Meeting up with a few
of my class members
It’s been so lovely to be able to be meeting up with a few of my class members over the past two weeks, getting the band back together! We visited Old Winchester Hill last week and Watership Down the week before. Social distancing and masks not withstanding, it seemed so much more effective teaching face to face!
At both locations, we were able to find a spot away from the main thoroughfare, keep our social distance but never-the-less chat. (Neanderthal Skull Facemask by Kirstin White, available at RedBubble!)
Since lockdown, my beginners groups have been on hold, I am hoping that we may be able to resume again, perhaps around October (fingers crossed that there’ll be no second wave!). I have been sharing online inspiration and ideas with my more experienced students and have been so impressed with the beautiful and accomplished paintings that have been achieved.
Online, in June 2020, we took trees as our subject and discussed different way we might edit what we saw in life or in photographs. We thought about ways of developing an individual language of marks appropriate to trees. Additionally, we thought about how we were going to compose our pictures, in order that what we intended the viewer to notice, was made clear.
With these considerations in mind, everyone had a go at copying a work by Francis Towne (1739–1816). In fact, we looked for inspiration at the approaches taken by several different artists. Of these, contemporary artist, Melissa Scott- Miller was a favourite, admired both for her skilful handling of detail and her relatable subject matter.
Old Winchester Hill, Warnford.
Beautiful Hampshire Downland
We are fortunate to be in this part of the world, with beautiful Hampshire downland on the doorstep. Old Winchester Hill is a 66.2-hectare (164-acre) biological Site of Special Scientific Interest in Hampshire. It is a Nature Conservation Review site, Grade I, and a National Nature Reserve. Part of it is a Scheduled Monument.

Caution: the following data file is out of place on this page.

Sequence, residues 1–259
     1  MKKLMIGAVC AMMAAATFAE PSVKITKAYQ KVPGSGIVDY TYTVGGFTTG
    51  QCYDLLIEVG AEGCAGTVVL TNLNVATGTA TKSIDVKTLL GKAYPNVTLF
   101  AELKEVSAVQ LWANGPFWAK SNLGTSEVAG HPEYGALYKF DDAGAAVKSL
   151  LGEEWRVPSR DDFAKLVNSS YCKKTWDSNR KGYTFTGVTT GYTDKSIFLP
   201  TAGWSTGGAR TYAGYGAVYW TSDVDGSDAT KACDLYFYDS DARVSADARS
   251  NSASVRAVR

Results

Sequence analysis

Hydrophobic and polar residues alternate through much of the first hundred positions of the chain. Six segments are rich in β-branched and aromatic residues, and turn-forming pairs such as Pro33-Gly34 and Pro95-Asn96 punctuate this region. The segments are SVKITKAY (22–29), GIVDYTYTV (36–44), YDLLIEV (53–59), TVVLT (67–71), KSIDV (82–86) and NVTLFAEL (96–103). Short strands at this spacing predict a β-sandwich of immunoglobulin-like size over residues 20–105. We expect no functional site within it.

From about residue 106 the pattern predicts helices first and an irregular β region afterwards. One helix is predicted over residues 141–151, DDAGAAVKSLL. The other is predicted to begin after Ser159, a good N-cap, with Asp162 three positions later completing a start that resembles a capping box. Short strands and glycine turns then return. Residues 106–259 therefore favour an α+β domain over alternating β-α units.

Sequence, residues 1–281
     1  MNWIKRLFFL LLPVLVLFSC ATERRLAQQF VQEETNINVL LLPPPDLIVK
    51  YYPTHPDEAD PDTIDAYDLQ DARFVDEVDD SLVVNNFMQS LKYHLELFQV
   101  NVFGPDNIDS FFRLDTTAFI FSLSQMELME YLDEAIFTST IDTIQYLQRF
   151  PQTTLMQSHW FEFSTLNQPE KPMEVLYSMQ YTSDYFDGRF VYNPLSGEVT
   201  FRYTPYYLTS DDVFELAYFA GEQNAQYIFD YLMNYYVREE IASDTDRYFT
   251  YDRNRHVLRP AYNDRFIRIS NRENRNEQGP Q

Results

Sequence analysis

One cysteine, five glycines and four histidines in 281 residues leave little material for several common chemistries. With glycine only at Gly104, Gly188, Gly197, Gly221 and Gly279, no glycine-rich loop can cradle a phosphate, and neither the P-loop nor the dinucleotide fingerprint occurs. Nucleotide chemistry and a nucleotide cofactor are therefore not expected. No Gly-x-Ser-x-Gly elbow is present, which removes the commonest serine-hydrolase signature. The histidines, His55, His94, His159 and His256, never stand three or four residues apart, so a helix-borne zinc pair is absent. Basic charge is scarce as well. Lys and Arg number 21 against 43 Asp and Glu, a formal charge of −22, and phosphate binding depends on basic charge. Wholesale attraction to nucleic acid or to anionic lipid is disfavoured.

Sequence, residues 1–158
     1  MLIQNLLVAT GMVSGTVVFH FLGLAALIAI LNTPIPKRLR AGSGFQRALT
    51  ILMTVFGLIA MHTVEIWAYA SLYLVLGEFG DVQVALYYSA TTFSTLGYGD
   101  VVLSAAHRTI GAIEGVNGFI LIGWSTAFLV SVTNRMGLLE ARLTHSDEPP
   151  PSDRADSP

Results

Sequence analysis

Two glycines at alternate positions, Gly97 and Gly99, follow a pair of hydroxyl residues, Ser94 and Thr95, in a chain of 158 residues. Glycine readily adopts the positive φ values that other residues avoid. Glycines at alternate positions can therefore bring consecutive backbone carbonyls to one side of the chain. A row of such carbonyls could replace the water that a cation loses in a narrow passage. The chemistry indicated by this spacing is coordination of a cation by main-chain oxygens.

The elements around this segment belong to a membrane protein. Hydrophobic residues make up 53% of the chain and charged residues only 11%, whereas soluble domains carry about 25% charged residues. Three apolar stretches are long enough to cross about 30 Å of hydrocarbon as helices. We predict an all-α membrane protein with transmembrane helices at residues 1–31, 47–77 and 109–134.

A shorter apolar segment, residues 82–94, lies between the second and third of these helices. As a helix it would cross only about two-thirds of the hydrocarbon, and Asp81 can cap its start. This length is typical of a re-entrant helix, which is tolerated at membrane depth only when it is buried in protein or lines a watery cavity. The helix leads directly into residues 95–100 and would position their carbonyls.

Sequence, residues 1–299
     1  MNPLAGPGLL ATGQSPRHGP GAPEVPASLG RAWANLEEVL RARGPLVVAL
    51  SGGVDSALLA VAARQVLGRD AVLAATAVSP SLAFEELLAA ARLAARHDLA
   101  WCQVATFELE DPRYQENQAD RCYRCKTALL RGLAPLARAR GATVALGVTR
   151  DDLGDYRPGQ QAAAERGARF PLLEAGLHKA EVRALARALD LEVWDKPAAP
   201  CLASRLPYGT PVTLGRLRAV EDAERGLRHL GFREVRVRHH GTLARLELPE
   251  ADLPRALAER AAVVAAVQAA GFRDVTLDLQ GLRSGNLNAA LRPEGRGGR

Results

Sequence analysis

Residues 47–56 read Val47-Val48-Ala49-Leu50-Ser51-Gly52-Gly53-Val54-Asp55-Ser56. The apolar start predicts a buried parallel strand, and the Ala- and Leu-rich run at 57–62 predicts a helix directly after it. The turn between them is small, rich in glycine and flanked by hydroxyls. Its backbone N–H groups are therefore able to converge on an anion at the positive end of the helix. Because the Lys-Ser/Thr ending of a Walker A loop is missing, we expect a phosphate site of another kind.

Old Winchester Hill gave us lots of scope for painting. Looking down onto trees, trees seen from a distance, deciduous and evergreen trees and trees in groups were all considered.
Overcast in the morning and bright in the afternoon, the changing weather meant that we had to work fast to record the different moods and also gave us that wonderful feeling of being in the moment.
Watership Down, Kingsclere.
Meeting up with a few of my class members at Watership Down was a great success. Despite the threat of rain, we stayed dry and found a comfortable location from which to make individual trees the subject of our paintings. At the spot we chose, there were many characterful tree specimens to choose between.
As we all knew Richards Adams book, Watership Down and it was fun reminiscing about the story while painting in the spectacular setting of the novel.
A lovely walking area, once we had completed our painting session, I enjoyed a bit of a ramble with the dog.
The group will share the pictures and sketches that they made on the spot, as well as photographs taken on the day, with group members who weren’t able to join us. We will use the material to inspire more finished indoor paintings, where careful washes and planned composition can be incorporated without interference by the wild outside!
All being well, we plan to continue these limited meet ups on a weekly basis. I’ll be organising painting sessions for bigger groups as soon as its safe to do so. Keep you posted!